This introduces two problems; it suggests that any game that exists vaguely near the queer experience needs to be nominated, and it means GLAAD now has a ten game shortlist to fill each year. If it goes back to five in 2022, that implies that gaming has taken a step backwards in terms of representation, and this idea of ‘celebration’ once again goes out the window. Despite a better than usual longlist, the shortlist should have remained at five, although the much bigger issue is the double win. Not everybody will remember the shortlist, but everyone interested in this sort of thing will remember the double win.
Of course, that introduces the problem of ‘but which game would win’ – and the answer to that is easy. Tell Me Why.
I know a lot of people – a lot of queer people especially – love The Last of Us Part 2, and I get that as a bigger game with a bigger budget and bigger marketing, more people are aware of it than Tell Me Why. But if we want games to be taken seriously as art (and in the context of awards for representation, we really should), we need to stop letting graphics or branding or even ‘game-goodness’ dictate our thinking. The Last of Us Part 2 features a transgender boy, a lesbian, and a young bisexual woman – all amongst the game’s most prominent characters. The lesbian is even the game’s lead. And it explores these identities in depth, but it does them from a very limited point of view. Lev never actually says ‘transgender’ (an infuriating trope in the context of representation), he is deadnamed, and not only is his story steeped in tragedy, it’s a tragedy that stems entirely from his transness. Meanwhile, Ellie and Dina (the queer couple) visit a gay bookstore and have no idea what the rainbow flag is, what queer culture is, and the game implies that the LGBT community at large has been completely eradicated. This in a world where people remember Jurassic Park, Pearl Jam, and still use the word ‘dyke’? I call bullshit.
Tell Me Why on the other hand explores being trans in a far more intimate, relatable way. There is still some tragedy, as there is in any life, but it is not rooted in Tyler being trans, he isn’t deadnamed, and he actually uses the word ‘transgender’. In fact, he talks about T-shots and binding and surgery and… everything a trans person can relate to in an incredibly realistic way. He is not just saying vague gay things before explaining them to the cishet audience. He feels like an actual trans person, not a trans character. Tyler can also have various different sexualities, which can result in one of the most ruggedly queer scenes I’ve ever witnessed in any medium. The lake scene is light years ahead of Ellie and Dina in the Seattle bookstore.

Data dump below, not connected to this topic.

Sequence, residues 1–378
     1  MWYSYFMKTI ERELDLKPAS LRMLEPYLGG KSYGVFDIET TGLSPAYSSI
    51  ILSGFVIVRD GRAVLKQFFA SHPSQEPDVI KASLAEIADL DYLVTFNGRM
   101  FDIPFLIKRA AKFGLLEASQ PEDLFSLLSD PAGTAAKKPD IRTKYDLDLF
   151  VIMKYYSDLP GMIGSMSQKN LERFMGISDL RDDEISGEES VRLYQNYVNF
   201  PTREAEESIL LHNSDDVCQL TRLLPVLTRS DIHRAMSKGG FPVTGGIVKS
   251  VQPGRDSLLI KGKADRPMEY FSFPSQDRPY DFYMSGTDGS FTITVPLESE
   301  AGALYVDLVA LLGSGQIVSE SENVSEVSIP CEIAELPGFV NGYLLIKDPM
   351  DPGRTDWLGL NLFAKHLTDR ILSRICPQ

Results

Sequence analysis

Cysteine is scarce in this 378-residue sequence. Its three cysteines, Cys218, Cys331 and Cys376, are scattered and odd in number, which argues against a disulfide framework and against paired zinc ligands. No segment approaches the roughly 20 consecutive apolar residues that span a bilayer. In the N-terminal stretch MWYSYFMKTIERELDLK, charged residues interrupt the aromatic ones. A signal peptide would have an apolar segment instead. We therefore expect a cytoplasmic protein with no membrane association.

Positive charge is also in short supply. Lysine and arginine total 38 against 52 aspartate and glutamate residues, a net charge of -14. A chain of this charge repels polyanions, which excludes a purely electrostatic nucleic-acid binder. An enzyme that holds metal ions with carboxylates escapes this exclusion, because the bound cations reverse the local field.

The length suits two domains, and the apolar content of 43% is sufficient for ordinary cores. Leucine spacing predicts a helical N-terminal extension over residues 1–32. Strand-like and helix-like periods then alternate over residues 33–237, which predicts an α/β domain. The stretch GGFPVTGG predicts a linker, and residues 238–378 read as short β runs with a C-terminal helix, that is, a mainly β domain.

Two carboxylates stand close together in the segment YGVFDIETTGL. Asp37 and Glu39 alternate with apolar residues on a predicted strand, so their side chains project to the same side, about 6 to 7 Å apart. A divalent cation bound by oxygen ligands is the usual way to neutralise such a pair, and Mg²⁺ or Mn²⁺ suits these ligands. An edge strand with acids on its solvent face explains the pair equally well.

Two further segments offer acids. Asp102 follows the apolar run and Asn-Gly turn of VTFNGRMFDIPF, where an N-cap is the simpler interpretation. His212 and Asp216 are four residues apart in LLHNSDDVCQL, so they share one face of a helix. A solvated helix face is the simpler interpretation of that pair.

It really is okay if The Last of Us Part 2 is nominated for a gaming award and then doesn’t win it. But even though Tell Me Why is so obviously more suited for the victory (If Found… and Bugsnax should also have finished above The Last of Us Part 2, for the record), the biggest issue is that GLAAD gave the award to two games. Ignoring Dragon Age’s special recognition award, this is only the third year and the rules are already being bent. I’m sick of queer gamers being told we should be grateful for any representation whatsoever. GLAAD should be standing against that ideal, but instead, choices like this reinforce it.
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Stacey Henley is an editor for TheGamer, and can often be found journeying to the edge of the Earth, but only in video games. Find her on Twitter @FiveTacey